I think it is. The old Supersport was a milder version of the 851 and a Panigale has a lot more power and is a lot sharper than the new SuperSport. This isn’t a sports bike, it’s a sporty bike, like a roadster with a fairing, and I think it is a good replacement for those. It handles like a Ducati should, the handling is superb.
What does it deliver that other similar bikes do not to truly make it an everyday sport bike?
The fact you’ve got a good mixture of performance and decent comfort. It is definitely angled more towards a sports bike and there's still a lot of weight on your wrists - not as much as a sports bike, but you do feel it - but it's relatively comfortable.
Can the ABS be switched off?
Yep, all the electronics can be switched off if you want to pull skids and wheelies.
What is the difference between the SuperSport and Panigale models?
The Panigale is a race replica track bike, essentially. It's a very extreme, 200bhp homologation special. This is a lot milder and a lot more user friendly.
What niche is it trying to fill?
Well there’s nothing now that’s a comfy sports bike so I guess this is.
How is the suspension? Is it set up for comfort or sport?
The standard model has Showa forks and a Sachs rear shock, while the S comes with fully adjustable Ohlins. The set up on both models is very neutral and user friendly. It just floats along and it has nice damping for the road. On the track there was a noticeable step up in ride quality with the Ohlins suspension.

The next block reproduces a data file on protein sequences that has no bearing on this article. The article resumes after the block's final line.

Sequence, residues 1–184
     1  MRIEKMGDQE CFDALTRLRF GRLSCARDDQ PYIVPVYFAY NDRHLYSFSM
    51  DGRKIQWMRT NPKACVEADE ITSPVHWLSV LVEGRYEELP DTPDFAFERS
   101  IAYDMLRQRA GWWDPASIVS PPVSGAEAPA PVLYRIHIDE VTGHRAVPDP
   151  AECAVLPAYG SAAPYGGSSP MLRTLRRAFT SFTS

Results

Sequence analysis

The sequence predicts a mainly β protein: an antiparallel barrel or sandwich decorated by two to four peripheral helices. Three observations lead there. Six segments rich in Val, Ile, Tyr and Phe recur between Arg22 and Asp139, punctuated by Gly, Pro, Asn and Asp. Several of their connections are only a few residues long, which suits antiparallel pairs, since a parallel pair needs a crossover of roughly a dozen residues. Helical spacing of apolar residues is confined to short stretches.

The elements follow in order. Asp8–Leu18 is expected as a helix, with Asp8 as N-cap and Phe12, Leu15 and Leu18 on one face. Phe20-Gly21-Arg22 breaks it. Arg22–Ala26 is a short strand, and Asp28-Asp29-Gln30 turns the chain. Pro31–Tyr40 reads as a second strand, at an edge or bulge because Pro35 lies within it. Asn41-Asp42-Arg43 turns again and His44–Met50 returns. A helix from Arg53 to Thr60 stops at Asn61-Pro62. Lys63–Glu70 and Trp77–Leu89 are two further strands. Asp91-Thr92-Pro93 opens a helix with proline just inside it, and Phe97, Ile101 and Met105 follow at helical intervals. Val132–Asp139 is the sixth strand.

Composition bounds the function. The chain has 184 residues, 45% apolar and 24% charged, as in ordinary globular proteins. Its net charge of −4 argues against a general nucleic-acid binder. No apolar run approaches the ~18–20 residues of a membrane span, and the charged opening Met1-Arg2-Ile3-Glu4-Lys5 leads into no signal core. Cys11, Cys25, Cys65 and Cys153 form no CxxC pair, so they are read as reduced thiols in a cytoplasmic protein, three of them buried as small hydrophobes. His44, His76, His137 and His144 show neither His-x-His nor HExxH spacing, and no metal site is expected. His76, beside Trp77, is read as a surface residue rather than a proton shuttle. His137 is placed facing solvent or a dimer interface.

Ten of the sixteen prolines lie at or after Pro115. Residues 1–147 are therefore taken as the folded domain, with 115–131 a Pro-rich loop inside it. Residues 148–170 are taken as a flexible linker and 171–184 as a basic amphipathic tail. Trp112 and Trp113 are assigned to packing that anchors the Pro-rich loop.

What do you think of the styling?
It’s not really a sexy bike is it? But when you’re with it all day you see the good sides of it. It’s not an ugly bike, but it’s certainly not in the same league as a Panigale?
Would you recommend it for track use?
As the launch proved it was really good on track. The brakes are superb, the handling and ground clearance are good and it gives you a lot of confidence. It’s a nice track day machine and I think if you're new to track days it would be a good choice. Somebody coming from a proper sports bike might find it a little lacking.
How’s the riding position?
Before we rode this bike I had no idea what to expect. It is relatively sporty, but there’s decent leg room while giving good ground clearance and the seat is pretty comfy. There's a little bit of a stretch to the bars so you end up riding with your arms quite straight which puts a lot of weight on the wrists.
It makes 113bp. Is that enough?
It’s enough for the road. When it's in sport mode it's really punchy, although it doesn’t have punch of the Hypermotard. It's been retuned for a wider spread of power, but when you’re zinging it through the gears you never feel like you need more. Maybe on a big track you would need a little more.
Should I trade my Z1000SX for one?
It depends what you use it for really. The Z1000SX is a fantastic bike and it's roomier and faster than the Ducati. With Ducati you’ve got more refinement, better handling, better brakes, better electronics, and great electronics. If you want something sportier go for the Ducati.
How does it compare to the 848 Streetfighter day to day?